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Thread: Advice Regarding Dryer Cord

  1. #1
    DIY Junior Member dcw's Avatar
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    Default Advice Regarding Dryer Cord

    Hello, looking for a bit of advice here regarding replacing the cord for a dryer. I recently purchased a set of front loaders and was looking to install them under-counter in the utility room. I wanted to make it easier to pull them each out in the event of maintenance or cleaning behind them, nothing crazy, just 8ft or so. I have on hand a roll of 8/4 sjoow cord and when I went out to purchase an appropriate plug, was strongly warned off doing this by the big box electrical 'pro.' I couldn't really get any specifics out of him, but figured it was probably a liability issue. Any one out there have any experience out there that could help? Thanks,

  2. #2
    Moderator & Master Plumber hj's Avatar
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    Buy a 6' dryer cord with a molded plug. It will let you pull the machine out far enoughto either move it aside or to unplug it if you need more room
    Licensed residential and commercial plumber

  3. #3
    Electrical Contractor/Instructor jwelectric's Avatar
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    Most dryer cords are 4 feet long and plenty long enough to allow access.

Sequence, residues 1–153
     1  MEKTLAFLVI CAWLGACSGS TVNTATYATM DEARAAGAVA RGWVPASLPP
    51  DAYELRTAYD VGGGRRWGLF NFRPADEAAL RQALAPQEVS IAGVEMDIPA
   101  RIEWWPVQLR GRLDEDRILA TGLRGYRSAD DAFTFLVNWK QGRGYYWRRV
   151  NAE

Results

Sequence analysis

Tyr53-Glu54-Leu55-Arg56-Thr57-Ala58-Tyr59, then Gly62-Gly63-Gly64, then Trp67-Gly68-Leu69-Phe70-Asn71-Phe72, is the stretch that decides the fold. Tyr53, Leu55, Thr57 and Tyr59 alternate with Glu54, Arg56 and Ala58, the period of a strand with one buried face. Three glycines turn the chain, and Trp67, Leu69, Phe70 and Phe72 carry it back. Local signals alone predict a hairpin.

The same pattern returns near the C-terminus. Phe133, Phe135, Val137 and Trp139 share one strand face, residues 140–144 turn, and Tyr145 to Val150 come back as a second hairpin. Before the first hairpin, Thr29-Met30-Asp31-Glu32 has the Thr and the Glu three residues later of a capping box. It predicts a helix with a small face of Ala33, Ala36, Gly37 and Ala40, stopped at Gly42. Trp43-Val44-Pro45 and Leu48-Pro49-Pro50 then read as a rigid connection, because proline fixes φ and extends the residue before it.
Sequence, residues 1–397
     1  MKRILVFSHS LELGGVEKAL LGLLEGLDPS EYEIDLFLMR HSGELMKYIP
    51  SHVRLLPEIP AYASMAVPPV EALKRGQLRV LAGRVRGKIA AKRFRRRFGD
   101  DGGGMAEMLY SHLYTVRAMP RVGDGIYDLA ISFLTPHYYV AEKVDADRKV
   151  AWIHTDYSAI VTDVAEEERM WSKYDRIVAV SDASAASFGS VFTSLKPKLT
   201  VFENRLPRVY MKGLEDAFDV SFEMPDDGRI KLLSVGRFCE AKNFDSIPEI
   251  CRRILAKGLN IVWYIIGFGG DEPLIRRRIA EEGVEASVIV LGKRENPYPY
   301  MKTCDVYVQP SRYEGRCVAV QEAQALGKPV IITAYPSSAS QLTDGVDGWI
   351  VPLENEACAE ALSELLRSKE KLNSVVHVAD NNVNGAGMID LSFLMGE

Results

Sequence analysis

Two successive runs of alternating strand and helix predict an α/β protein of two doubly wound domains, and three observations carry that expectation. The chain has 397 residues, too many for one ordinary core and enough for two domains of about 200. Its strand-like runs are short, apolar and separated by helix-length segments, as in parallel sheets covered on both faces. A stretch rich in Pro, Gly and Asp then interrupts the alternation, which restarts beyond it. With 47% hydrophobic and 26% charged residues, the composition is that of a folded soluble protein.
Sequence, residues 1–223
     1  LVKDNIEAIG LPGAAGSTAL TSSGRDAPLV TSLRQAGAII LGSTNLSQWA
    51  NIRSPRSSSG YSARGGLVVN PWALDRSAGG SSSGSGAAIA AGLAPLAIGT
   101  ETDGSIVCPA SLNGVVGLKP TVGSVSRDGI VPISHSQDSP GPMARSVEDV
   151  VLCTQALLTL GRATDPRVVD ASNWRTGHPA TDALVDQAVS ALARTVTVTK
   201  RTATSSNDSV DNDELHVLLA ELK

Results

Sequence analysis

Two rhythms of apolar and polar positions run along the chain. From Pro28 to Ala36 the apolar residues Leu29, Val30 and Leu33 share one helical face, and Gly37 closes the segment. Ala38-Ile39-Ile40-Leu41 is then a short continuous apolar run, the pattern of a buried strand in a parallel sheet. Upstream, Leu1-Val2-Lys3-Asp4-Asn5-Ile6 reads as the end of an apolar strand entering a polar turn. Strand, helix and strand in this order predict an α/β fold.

I would never try and make up a dryer cord for any reason.

  4. #4
    Moderator & Master Plumber hj's Avatar
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    They also make 72" ones, which is what I used on my dryer, partly because I had to interchange the dryer and washer because of the door swings and I did not wish to reverse them. That put the dryer more than 48" from the outlet.
    Licensed residential and commercial plumber

  5. #5
    DIY Senior Member kreemoweet's Avatar
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    I say go for it. Every wood flooring contractor in the world has a collection of home-made 240V
    power cords for their big sanding machines. Ditto for those who need to run welders in a residential
    setting. I've never seen a problem with them. Don't EVER listen to those guys at the Big Box. Just
    buy their nice 30A/50A plugs.

  6. #6
    Moderator & Master Plumber hj's Avatar
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    If he buys a "nice" plug, it may cost as much as the 72" dryer cord. Plus the fact that winding a piece of #8 around the terminal may NOT make a very good connection.
    Licensed residential and commercial plumber

  7. #7
    DIYer, not in the trades LLigetfa's Avatar
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    What I'm trying to picture is where the jack is mounted in relation to the under-counter appliance. Usually there is no room behind the appliance unless an extra deep counter top is used. Most every factory made plug I've seen is a right-angle low-profile design that doesn't protrude very far. I've yet to see a screw-on plug that is low-profile.

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